What's been happening in our sister Isle? Some interesting stories.
The schools in Guernsey may be "smartening up". Under the dreadful punning headline "Where the blazers is Education's evidence?", the article notes there could be problems over changes to school uniform as there has been no discussion, only a decision "from on high". It's lucky Jersey doesn't have a high-handed Education Minister who makes unilateral decisions like that, but in James Reed, a Minister who believes in consultation - especially over the school grants to the private sector!
EDUCATION'S decision to change high school uniforms is not sufficiently evidence-based and worries most teachers, a deputy has said. Former teacher Sean McManus (pictured) said the decision to make pupils swap polo shirts and sweatshirts for shirts, ties and blazers, had been made without consulting parents and teachers. 'The lack of comprehensive consultation prior to this shock announcement does strike me as being out of step with current expectations,' he said. (2)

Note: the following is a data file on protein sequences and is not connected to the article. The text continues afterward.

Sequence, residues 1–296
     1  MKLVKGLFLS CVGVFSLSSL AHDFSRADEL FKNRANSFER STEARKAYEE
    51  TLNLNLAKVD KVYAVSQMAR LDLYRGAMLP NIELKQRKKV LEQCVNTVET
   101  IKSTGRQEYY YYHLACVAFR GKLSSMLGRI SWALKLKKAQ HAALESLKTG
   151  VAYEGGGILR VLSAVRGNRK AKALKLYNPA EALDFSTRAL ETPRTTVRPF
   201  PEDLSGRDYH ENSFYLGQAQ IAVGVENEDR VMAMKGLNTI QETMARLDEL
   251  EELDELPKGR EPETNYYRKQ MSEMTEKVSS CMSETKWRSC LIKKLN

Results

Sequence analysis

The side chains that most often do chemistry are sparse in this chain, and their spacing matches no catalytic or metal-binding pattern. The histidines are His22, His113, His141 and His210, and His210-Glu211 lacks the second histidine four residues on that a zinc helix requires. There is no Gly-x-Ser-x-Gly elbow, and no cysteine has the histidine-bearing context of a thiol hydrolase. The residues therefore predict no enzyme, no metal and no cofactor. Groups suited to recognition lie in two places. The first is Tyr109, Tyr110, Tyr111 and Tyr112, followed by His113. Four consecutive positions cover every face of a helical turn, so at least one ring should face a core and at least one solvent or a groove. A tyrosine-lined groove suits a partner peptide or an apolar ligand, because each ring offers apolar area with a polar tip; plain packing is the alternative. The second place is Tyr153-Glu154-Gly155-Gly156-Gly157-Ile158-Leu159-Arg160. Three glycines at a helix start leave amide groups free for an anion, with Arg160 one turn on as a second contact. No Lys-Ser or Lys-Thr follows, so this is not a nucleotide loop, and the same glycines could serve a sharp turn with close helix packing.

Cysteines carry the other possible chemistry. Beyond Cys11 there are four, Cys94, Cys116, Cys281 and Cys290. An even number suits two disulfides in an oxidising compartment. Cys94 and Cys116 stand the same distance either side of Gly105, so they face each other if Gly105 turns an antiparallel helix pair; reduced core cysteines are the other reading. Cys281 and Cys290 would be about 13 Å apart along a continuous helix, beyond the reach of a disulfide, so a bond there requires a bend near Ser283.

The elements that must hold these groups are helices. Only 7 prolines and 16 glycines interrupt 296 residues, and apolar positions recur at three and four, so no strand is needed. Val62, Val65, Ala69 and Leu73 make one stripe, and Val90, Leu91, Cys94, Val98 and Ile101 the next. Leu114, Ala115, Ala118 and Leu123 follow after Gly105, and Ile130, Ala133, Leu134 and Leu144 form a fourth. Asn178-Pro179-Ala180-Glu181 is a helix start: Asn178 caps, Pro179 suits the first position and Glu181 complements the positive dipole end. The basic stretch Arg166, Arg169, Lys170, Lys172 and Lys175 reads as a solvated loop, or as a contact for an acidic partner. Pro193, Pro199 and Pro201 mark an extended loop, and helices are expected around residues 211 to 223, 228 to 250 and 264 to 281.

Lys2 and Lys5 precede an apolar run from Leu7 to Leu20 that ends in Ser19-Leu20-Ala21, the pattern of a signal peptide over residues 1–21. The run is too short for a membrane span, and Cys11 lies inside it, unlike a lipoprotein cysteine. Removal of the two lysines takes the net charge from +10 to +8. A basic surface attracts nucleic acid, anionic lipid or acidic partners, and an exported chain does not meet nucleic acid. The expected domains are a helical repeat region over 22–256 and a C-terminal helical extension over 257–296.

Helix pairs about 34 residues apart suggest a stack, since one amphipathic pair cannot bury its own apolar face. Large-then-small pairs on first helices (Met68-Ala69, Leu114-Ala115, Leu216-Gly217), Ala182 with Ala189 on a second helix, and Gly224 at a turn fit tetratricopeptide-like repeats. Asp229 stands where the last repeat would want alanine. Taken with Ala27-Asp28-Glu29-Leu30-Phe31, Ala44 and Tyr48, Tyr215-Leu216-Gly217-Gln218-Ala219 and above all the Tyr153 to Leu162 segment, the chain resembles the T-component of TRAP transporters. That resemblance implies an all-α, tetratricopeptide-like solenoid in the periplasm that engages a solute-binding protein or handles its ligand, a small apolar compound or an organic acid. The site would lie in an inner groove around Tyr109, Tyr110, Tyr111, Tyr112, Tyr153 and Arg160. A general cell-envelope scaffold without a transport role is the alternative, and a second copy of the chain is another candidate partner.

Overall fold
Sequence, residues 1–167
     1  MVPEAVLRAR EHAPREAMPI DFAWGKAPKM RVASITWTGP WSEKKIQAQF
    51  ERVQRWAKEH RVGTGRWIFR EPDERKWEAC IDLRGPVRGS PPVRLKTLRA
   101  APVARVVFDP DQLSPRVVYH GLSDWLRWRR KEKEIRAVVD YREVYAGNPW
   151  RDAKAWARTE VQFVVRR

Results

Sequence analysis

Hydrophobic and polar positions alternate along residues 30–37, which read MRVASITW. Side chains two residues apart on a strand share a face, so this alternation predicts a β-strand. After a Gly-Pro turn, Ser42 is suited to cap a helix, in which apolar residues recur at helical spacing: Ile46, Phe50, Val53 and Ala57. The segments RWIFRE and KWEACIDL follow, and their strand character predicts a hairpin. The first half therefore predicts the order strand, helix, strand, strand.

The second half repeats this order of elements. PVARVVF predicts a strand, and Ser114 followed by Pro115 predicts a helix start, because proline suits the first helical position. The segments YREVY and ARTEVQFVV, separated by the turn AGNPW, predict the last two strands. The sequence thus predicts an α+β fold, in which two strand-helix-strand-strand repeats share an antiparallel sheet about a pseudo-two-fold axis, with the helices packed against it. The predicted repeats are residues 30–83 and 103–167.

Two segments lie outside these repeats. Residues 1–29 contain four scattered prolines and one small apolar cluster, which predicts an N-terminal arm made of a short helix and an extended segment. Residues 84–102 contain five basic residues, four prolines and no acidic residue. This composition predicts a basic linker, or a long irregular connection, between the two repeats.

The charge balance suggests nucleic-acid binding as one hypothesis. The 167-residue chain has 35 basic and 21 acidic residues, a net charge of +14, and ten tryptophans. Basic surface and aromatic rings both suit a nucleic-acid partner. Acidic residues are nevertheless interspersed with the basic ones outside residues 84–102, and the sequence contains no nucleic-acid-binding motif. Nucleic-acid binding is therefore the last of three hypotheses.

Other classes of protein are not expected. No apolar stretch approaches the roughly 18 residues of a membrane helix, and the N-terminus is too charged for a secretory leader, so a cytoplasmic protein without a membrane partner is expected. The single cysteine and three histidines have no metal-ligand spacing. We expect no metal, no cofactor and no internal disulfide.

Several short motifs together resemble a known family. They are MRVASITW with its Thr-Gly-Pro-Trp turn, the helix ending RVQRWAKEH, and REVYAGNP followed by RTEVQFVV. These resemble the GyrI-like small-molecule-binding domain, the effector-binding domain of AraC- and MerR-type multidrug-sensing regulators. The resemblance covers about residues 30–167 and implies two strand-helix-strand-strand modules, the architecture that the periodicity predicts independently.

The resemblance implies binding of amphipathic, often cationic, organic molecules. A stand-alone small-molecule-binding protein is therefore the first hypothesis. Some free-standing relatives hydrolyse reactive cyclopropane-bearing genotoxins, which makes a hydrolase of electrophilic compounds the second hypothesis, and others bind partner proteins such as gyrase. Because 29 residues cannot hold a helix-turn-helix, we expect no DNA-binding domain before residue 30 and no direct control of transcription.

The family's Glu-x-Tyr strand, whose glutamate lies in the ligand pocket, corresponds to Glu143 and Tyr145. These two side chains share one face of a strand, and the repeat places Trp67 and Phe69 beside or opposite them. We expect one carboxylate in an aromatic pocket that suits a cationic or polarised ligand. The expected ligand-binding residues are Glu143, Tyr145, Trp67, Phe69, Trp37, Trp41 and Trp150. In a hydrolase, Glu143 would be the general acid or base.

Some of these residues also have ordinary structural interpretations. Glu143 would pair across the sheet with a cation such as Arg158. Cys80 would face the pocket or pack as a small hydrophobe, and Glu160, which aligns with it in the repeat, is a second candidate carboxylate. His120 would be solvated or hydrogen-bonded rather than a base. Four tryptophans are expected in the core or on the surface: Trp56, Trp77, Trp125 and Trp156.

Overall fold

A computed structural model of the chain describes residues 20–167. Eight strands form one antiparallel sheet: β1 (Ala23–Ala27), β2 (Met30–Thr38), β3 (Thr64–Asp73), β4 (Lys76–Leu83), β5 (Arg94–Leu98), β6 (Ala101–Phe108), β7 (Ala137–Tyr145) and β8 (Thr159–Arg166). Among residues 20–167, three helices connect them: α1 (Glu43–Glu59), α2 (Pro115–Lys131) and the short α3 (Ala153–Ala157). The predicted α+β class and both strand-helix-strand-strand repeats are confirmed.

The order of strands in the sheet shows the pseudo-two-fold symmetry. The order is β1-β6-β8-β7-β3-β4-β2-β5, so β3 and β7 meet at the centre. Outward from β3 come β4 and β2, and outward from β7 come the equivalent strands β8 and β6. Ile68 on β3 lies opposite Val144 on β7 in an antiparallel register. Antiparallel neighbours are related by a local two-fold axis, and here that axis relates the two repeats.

Personally, while I like a tie as a means of being idiosyncratic - anyone who knows me knows I do not go for simple plain or striped ties, but animal motifs, medieval imagery, etc - I do think it has been too uncritically embedded in our culture. It is an absurd accoutrement which serves no purpose, rather like the fantastic wigs worn in the 17th century, or frock coats in the late 19th century - and it is about time its purpose was questioned. Does it make someone looker smarter, or have we largely been culturally conditioned to believe so? I have yet to read any coherent examination of the aesthetic merits of a tie. Jackets or blazers I like, because not having a handbag, I have to stuff all my bits - keys, mobile, wallet, inhaler, sweetener, loose change - somewhere!